I have learned that the same strategy I use for the ladies' room also works for such things as retrieving the mail, taking out the trash, or even just visiting the vending machine for a Diet Coke.

As the week has progressed I have become quite the brazen Mama, having discovered simple, yet very effective, strategies to steal even a few minutes of freedom from my infant appendage.

Today I felt confident enough to attempt the mother of all challenges: lunch.

To this point, I have either brown-bagged my lunch (once) or picked up salad from the drive-through (twice) because it's just not easy to pick up takeout with a two-month-old. You know the routine: strap infant securely into the car seat...drive to preferred restaurant destination...park car...carefully un-strap infant from the car seat...pick up infant lovingly...smother with kisses...walk into restaurant holding infant because the Bjorn is just too much trouble for a five-minute errand...fumble through pocketbook to find wallet and pull out cash...hand over cash to the high-school dropout working the register...accept change (coins ON TOP OF paper money) while fumbling wallet, pocketbook and infant...shove everything into bottom of pocketbook...right the position of the infant in your arms...pick up takeout bag...walk to car, unlocking doors with remote key...open driver door...throw in pocketbook, keys and lunch...open rear passenger door...smother infant with kisses...strap infant securely into car seat...drive back to office...and, well, you get the picture... A lot of work for a five-minute errand to pick up lunch.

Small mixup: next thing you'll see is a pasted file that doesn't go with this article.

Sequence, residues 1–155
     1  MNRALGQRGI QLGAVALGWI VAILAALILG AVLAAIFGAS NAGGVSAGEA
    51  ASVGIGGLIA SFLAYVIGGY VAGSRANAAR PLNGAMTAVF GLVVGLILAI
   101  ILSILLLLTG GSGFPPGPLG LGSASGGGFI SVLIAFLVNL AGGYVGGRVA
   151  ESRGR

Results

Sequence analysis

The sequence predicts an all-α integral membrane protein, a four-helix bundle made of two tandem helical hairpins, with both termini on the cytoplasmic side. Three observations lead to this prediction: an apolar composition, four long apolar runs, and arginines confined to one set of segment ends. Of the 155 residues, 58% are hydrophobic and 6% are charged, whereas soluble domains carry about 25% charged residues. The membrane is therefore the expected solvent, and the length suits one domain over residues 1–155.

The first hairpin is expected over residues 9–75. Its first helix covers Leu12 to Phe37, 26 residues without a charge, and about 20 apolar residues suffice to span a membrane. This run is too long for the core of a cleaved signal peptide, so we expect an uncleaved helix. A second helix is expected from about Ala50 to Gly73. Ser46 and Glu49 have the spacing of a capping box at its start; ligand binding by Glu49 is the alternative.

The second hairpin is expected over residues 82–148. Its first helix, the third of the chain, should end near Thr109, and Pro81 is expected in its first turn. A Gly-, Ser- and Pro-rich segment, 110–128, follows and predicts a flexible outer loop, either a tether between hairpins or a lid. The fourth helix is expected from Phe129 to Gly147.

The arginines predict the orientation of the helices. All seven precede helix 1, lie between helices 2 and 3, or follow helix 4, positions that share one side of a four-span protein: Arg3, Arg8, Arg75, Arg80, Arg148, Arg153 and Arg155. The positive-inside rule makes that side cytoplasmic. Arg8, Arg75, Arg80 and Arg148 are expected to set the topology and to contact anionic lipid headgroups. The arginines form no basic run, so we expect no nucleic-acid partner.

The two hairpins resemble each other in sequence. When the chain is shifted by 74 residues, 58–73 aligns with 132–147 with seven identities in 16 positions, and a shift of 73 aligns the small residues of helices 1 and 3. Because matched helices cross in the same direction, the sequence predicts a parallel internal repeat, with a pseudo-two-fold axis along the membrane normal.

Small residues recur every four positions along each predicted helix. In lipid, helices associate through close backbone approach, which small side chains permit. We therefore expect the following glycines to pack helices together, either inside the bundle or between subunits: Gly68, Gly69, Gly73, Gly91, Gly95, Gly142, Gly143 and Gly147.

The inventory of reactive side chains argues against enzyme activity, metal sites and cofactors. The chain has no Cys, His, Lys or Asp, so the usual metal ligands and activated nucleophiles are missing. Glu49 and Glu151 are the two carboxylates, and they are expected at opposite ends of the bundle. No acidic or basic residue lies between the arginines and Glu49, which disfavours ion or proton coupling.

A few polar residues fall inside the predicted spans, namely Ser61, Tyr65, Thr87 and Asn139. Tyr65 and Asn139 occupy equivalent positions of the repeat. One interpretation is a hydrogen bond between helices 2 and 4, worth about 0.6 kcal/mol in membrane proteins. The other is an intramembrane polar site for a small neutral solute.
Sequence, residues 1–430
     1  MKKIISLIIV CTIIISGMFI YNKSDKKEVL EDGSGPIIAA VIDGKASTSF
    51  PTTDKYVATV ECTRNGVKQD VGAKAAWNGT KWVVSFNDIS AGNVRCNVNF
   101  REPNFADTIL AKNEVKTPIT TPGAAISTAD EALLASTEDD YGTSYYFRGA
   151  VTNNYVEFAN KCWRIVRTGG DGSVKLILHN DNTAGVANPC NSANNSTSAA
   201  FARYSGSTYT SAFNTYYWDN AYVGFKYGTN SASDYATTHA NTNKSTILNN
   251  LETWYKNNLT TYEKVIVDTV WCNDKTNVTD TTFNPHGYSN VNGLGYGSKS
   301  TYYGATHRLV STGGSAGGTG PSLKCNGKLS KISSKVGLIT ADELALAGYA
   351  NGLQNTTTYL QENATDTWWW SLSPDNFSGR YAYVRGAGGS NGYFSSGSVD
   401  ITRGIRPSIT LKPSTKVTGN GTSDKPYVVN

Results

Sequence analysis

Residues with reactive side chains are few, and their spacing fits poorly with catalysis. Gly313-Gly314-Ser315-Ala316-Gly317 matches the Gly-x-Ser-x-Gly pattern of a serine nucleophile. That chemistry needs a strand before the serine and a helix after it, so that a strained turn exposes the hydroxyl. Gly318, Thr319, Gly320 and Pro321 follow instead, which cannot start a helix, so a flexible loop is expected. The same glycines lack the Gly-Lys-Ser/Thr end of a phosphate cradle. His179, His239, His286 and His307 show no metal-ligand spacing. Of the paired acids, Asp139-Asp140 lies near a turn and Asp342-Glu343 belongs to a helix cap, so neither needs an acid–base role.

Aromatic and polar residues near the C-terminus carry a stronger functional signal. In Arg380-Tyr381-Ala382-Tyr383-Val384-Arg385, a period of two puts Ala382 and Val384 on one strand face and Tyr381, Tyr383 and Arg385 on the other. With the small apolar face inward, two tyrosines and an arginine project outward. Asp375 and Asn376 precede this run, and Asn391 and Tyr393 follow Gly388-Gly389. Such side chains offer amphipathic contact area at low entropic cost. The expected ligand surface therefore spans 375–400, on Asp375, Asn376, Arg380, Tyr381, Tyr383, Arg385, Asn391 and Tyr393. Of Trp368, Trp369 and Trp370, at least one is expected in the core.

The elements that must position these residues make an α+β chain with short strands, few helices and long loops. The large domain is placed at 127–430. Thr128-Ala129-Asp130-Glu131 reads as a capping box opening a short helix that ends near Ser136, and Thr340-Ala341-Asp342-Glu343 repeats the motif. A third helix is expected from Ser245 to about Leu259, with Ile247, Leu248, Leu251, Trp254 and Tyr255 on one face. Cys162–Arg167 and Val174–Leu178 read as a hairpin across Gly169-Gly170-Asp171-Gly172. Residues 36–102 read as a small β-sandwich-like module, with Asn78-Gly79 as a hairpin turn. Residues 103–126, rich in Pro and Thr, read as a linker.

Until today.

Today I really wanted Chicken Pot Pie from Jason's Deli. There is no drive-through at Jason's Deli, but they DO allow you to call in your order. Thus began my wicked strategy: call in the order, go through the routine for safely transporting my child in my car, BUT, yes, yes, that's it! I'll park right in front, run quickly into the restaurant, sans bebe, get my food and be back before he even has a chance to begin waking from his nap. And that is exactly what I did. I left my infant in the car, alone, strapped into the car seat, doors and windows locked, so that I could freely use both hands to fetch my lunch. No longer am I simply a candidate for Worst. Mama. Ever. I am now a criminal.